I see a particular difficulty in Years 9 and 10 where it is possible that in most schools any mention of Asia, the South Pacific or the Middle East will be incidental. It seems inconceivable that any Year 9 course would fail to cover the history of Australia up to 1918 (“Making a nation”) and this would then exclude any Asian study. This again is a consequence of what I consider our obsession with World War I which apart from the Anzac landing is ancient history to most students. The key elements of this topic could be incorporated to draw the Making a Nation unit to a conclusion, and leave time for either a general survey of Asian History in this period or a depth study of one of our neighbours.
Historical skills are mapped out at all stages and these are developed from the earliest years to Year 10 under six headings:
- Chronology, terms and concept
- Historical questions and research
- Analysis and use of sources
- Perspectives and interpretations
- Explanation and communication
Within the Australian Curriculum there are also links across subjects. This is achieved in two ways. First there three cross-curriculum priorities that, in the words of the curriculum are, ‘embedded in the curriculum and will have a strong but varying presence depending on their relevance to each of the learning areas.”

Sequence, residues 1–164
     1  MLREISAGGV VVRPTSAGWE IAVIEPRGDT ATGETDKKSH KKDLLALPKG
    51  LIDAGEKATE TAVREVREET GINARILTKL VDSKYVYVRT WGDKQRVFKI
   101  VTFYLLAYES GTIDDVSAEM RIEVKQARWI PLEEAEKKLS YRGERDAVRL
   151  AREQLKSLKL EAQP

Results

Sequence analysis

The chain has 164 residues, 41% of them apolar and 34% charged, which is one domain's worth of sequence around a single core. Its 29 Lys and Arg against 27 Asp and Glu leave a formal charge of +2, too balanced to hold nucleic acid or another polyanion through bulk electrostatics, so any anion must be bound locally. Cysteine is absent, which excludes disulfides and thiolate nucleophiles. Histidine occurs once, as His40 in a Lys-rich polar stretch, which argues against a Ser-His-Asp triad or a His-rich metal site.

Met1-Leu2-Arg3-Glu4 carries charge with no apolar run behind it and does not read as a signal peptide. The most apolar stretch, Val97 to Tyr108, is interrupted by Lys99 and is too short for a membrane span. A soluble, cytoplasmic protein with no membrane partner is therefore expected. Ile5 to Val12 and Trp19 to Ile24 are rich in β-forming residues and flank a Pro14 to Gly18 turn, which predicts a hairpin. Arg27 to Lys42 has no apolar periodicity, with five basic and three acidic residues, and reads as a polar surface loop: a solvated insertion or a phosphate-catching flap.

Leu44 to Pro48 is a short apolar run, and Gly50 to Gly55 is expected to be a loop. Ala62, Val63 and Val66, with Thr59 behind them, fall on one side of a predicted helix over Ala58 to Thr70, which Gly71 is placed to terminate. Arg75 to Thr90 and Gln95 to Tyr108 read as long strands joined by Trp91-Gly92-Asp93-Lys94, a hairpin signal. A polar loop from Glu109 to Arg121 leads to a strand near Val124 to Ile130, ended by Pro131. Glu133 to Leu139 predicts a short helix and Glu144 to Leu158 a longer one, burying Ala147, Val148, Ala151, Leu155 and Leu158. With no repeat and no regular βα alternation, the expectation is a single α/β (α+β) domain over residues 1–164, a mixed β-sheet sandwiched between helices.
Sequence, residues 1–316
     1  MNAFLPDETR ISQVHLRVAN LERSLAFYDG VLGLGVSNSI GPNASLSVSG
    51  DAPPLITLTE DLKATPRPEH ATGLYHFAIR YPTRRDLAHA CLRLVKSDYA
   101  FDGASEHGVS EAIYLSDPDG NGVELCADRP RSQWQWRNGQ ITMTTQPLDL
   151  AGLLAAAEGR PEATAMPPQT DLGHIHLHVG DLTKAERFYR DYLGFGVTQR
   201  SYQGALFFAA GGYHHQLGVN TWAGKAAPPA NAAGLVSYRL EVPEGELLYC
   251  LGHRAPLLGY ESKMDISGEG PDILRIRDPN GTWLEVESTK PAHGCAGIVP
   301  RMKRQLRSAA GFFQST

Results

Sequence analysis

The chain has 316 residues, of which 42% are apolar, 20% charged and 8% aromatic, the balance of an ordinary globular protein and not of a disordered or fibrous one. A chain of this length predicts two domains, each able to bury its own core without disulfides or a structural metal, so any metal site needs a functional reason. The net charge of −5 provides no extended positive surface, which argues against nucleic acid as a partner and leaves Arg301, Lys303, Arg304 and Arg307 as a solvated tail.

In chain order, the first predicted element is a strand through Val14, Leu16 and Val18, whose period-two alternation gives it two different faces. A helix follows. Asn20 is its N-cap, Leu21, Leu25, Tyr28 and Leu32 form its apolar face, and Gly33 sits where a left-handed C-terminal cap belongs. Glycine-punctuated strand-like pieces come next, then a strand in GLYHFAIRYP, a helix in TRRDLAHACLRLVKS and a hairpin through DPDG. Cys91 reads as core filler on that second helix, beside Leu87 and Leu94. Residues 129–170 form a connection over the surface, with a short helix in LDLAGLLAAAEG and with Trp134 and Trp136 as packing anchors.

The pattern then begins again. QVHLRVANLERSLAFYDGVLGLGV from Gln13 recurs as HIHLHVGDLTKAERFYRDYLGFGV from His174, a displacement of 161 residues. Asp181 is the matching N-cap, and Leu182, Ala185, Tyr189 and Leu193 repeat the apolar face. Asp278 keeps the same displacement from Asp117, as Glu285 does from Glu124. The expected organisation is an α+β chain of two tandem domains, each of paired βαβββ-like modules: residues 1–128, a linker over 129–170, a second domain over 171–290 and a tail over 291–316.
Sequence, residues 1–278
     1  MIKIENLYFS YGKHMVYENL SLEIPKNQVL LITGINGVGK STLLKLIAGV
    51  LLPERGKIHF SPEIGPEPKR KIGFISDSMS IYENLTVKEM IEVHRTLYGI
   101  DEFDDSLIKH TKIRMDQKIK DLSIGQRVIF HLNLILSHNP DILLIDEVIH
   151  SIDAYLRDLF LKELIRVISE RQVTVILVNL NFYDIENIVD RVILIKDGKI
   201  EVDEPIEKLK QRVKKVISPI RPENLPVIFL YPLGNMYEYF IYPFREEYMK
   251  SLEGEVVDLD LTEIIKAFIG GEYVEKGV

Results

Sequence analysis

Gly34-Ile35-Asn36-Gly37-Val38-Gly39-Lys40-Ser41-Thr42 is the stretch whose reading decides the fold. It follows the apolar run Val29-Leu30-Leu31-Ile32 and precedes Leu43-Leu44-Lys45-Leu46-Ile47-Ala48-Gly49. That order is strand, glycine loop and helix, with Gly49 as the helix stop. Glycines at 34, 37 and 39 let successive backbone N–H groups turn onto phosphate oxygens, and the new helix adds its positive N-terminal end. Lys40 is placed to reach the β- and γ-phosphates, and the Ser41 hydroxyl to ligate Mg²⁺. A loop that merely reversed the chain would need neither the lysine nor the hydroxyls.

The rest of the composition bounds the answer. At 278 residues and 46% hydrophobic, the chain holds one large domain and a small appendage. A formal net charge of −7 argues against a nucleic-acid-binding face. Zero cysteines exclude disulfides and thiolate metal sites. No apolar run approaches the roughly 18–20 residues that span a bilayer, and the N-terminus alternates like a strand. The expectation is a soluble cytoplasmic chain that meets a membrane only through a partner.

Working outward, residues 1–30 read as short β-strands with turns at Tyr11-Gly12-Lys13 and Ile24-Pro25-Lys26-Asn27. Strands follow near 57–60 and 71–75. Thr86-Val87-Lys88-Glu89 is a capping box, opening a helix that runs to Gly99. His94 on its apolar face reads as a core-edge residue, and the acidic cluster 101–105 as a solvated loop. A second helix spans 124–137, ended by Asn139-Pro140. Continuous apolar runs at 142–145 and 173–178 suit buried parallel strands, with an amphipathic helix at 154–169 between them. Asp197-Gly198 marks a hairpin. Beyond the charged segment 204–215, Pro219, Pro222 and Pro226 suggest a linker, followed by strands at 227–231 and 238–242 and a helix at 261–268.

The three cross-curriculum priorities are:
- Aboriginal and Torres Strait Islander histories and cultures
- Asia and Australia’s engagement with Asia
As an example of the implementation of sustainability, in the unit on Japan under the Tokugawa Shoguns, students are to explore the forestry and land use policies introduced to cope with the increasing demand for timber. However one could ask, why just these three? Why not include social justice or citizenship? Perhaps even Trans-National relations?
The other cross curriculum links are the seven general capabilities. These appear in all learning areas and ‘encompass the knowledge, skills and behaviours and dispositions that … will assist students to live and work successfully in the twenty-first century.”
- Competence in ICT
- Critical and creative thinking
- Ethical behaviour
- Personal and social competence
- Intercultural understanding
As discussed below, the NSW Draft Syllabus presents an alternative way of doing this. It has grouped cross curriculum priorities with the general capabilities, added a few items and called the combined set Cross-Curriculum Areas.
Implementation in the States and Territories